Eligibility for anti-fibrotic treatment in idiopathic pulmonary fibrosis depends on the predictive equation used for pulmonary function testing

Andrew Burgess, Ken Goon, John D. Brannan, John Attia, Kerrin Palazzi, Christopher Oldmeadow, Tamera J. Corte, Ian Glaspole, Nicole Goh, Gregory Keir, Heather Allan, Sally Chapman, Wendy Cooper, Samantha Ellis, Peter Hopkins, Yuben Moodley, Paul Reynolds, Chris Zappala, Sacha Macansh, Christopher Grainge

Research output: Contribution to journalArticleResearchpeer-review

Abstract

Background and objective: Publicly funded therapy for idiopathic pulmonary fibrosis (IPF) relies on percentage predicted values from pulmonary function testing, for example Australian patients must have a forced vital capacity ≥50% (%FVC), transfer factor of the lung for carbon monoxide ≥ 30% (%TLco) and forced expiratory volume in 1 s (FEV 1 )/FVC ratio > 0.7. Despite defined cut-off values, no jurisdiction prescribes a reference equation for use; multiple equations exist. We hypothesized that access to subsidized treatment varies depending on the chosen equation. The %FVC and %TLco from different commonly used reference equations across general respiratory patients, and IPF-specific patients, were compared. Methods: FVC and TLco measurements from a large general respiratory laboratory and the Australian Idiopathic Pulmonary Fibrosis Registry (AIPFR) database were analysed using multiple equations. Differences between %FVC and %TLco for each equation were calculated, with particular interest in classification of patients (%) at the threshold for subsidized treatment. Results: A total of 20 378 general respiratory database results were analysed. The %FVC ≥ 50% increased from 86% with the Roca equation to 96% with Quanjer (European Coal and Steal Community, ECSC) and %TLco≥30% increased from 91% with Paoletti to 98% with Thompson. However, overall increase in eligibility for subsidized treatment was modest, varying from 48.2% to 49.2%. A total of 545 AIPFR database results were analysed. The %FVC ≥ 50% increased from 73% with Roca to 94% with Quanjer (ECSC) and %TLco≥30% increased from 87% with Paoletti to 96% with Miller. Overall eligibility for subsidized treatment in the AIPFR group varied from 73.6% to 82.8% between surveyed interstitial lung disease (ILD) centres based entirely on the equation used. Conclusion: Substantial variability exists between reference equations, impacting access to subsidized treatment. Treating clinicians should be aware of this when assessing patients around public funding thresholds.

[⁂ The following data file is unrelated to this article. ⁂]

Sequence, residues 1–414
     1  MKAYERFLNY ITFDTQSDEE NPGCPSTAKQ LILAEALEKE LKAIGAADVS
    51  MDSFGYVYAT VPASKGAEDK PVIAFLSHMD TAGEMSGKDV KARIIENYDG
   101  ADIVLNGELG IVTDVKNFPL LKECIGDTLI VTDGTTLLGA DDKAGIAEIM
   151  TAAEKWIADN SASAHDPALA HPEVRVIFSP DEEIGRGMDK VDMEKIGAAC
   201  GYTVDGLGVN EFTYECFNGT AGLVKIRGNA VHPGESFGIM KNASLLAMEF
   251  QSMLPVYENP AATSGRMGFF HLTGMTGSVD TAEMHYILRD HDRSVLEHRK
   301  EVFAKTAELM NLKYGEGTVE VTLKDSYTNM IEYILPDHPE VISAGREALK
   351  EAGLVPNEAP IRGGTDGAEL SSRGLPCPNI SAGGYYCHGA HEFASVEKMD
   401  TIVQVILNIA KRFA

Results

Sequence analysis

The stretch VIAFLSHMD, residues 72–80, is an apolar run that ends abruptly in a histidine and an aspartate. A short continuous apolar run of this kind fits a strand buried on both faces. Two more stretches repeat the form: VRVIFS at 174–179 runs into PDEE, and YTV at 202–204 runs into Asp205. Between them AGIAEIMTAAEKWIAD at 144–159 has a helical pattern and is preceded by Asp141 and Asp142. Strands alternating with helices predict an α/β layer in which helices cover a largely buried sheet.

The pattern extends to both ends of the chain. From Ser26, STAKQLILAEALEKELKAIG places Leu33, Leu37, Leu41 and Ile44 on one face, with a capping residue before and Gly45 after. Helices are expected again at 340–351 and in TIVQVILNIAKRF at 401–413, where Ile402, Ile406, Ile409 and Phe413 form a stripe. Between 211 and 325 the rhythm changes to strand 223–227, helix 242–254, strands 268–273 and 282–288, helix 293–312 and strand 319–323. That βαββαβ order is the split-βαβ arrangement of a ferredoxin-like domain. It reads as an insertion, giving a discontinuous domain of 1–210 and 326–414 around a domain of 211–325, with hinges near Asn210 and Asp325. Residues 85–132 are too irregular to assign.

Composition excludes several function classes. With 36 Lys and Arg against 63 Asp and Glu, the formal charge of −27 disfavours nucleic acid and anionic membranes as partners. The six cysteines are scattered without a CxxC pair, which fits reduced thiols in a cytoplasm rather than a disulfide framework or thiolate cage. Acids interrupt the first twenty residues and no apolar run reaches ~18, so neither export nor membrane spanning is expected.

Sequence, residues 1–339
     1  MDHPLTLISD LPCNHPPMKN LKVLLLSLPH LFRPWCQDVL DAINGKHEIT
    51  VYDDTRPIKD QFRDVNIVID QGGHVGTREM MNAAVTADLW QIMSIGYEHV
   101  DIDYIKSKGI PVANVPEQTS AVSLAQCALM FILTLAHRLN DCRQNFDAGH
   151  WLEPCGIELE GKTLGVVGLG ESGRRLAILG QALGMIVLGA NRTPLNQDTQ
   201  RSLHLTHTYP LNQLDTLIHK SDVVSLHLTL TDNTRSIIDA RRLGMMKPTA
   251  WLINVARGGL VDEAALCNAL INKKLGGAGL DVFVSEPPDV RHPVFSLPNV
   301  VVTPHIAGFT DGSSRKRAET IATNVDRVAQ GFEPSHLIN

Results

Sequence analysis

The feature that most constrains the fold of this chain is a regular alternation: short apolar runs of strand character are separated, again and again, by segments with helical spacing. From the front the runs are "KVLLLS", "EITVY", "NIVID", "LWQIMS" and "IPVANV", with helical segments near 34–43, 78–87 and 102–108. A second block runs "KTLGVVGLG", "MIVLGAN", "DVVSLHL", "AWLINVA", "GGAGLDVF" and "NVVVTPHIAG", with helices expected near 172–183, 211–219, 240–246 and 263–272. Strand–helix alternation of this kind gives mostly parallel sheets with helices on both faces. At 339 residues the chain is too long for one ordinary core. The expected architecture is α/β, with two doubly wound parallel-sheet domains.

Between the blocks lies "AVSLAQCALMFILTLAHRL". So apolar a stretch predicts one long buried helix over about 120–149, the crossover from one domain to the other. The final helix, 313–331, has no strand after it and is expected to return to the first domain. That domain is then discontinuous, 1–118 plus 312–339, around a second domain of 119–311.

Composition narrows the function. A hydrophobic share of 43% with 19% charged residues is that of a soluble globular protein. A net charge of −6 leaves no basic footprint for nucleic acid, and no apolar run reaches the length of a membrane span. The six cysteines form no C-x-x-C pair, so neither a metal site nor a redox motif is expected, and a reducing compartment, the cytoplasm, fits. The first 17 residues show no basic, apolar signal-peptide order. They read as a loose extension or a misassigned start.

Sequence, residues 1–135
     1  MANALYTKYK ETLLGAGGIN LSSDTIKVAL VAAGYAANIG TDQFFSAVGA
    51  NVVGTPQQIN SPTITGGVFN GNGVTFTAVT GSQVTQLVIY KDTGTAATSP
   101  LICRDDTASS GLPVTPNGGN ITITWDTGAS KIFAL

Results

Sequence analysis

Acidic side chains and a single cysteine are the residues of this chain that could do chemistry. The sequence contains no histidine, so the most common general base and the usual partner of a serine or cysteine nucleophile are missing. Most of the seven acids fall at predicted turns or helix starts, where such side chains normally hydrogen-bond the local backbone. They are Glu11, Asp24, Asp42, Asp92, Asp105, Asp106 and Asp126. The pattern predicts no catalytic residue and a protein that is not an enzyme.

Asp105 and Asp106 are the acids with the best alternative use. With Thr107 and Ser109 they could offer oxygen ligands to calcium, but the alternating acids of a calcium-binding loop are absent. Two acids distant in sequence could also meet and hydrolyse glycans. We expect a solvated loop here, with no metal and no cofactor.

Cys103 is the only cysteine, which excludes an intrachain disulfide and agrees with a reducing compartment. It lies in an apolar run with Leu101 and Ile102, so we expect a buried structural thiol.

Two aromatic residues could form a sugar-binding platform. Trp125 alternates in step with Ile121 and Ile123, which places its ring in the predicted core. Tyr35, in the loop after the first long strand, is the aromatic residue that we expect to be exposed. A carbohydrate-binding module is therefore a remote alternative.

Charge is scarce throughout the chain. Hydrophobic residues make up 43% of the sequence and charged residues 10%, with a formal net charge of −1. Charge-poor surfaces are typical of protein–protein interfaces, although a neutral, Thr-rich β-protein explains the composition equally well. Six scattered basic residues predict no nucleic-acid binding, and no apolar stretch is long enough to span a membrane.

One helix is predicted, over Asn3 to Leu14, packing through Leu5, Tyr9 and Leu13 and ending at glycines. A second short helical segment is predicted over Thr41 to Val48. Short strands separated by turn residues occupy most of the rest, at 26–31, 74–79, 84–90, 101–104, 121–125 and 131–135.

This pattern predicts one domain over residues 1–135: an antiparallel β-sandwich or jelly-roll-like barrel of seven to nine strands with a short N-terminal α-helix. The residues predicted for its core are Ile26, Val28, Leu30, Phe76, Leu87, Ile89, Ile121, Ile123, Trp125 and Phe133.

Original languageEnglish
Number of pages8
JournalRespirology
DOIs
Publication statusAccepted/In press - 1 Jan 2019

Keywords

  • fibrosis
  • lung function
  • predicted equations
  • treatment

Cite this

Burgess, Andrew ; Goon, Ken ; Brannan, John D. ; Attia, John ; Palazzi, Kerrin ; Oldmeadow, Christopher ; Corte, Tamera J. ; Glaspole, Ian ; Goh, Nicole ; Keir, Gregory ; Allan, Heather ; Chapman, Sally ; Cooper, Wendy ; Ellis, Samantha ; Hopkins, Peter ; Moodley, Yuben ; Reynolds, Paul ; Zappala, Chris ; Macansh, Sacha ; Grainge, Christopher. / Eligibility for anti-fibrotic treatment in idiopathic pulmonary fibrosis depends on the predictive equation used for pulmonary function testing. In: Respirology. 2019.
@article{dd962da7c0ad4150b5687d4a44fc32a8,
title = "Eligibility for anti-fibrotic treatment in idiopathic pulmonary fibrosis depends on the predictive equation used for pulmonary function testing",
abstract = "Background and objective: Publicly funded therapy for idiopathic pulmonary fibrosis (IPF) relies on percentage predicted values from pulmonary function testing, for example Australian patients must have a forced vital capacity ≥50{\%} ({\%}FVC), transfer factor of the lung for carbon monoxide ≥ 30{\%} ({\%}TLco) and forced expiratory volume in 1 s (FEV 1 )/FVC ratio > 0.7. Despite defined cut-off values, no jurisdiction prescribes a reference equation for use; multiple equations exist. We hypothesized that access to subsidized treatment varies depending on the chosen equation. The {\%}FVC and {\%}TLco from different commonly used reference equations across general respiratory patients, and IPF-specific patients, were compared. Methods: FVC and TLco measurements from a large general respiratory laboratory and the Australian Idiopathic Pulmonary Fibrosis Registry (AIPFR) database were analysed using multiple equations. Differences between {\%}FVC and {\%}TLco for each equation were calculated, with particular interest in classification of patients ({\%}) at the threshold for subsidized treatment. Results: A total of 20 378 general respiratory database results were analysed. The {\%}FVC ≥ 50{\%} increased from 86{\%} with the Roca equation to 96{\%} with Quanjer (European Coal and Steal Community, ECSC) and {\%}TLco≥30{\%} increased from 91{\%} with Paoletti to 98{\%} with Thompson. However, overall increase in eligibility for subsidized treatment was modest, varying from 48.2{\%} to 49.2{\%}. A total of 545 AIPFR database results were analysed. The {\%}FVC ≥ 50{\%} increased from 73{\%} with Roca to 94{\%} with Quanjer (ECSC) and {\%}TLco≥30{\%} increased from 87{\%} with Paoletti to 96{\%} with Miller. Overall eligibility for subsidized treatment in the AIPFR group varied from 73.6{\%} to 82.8{\%} between surveyed interstitial lung disease (ILD) centres based entirely on the equation used. Conclusion: Substantial variability exists between reference equations, impacting access to subsidized treatment. Treating clinicians should be aware of this when assessing patients around public funding thresholds.",
keywords = "fibrosis, lung function, predicted equations, treatment",
author = "Andrew Burgess and Ken Goon and Brannan, {John D.} and John Attia and Kerrin Palazzi and Christopher Oldmeadow and Corte, {Tamera J.} and Ian Glaspole and Nicole Goh and Gregory Keir and Heather Allan and Sally Chapman and Wendy Cooper and Samantha Ellis and Peter Hopkins and Yuben Moodley and Paul Reynolds and Chris Zappala and Sacha Macansh and Christopher Grainge",
year = "2019",
month = "1",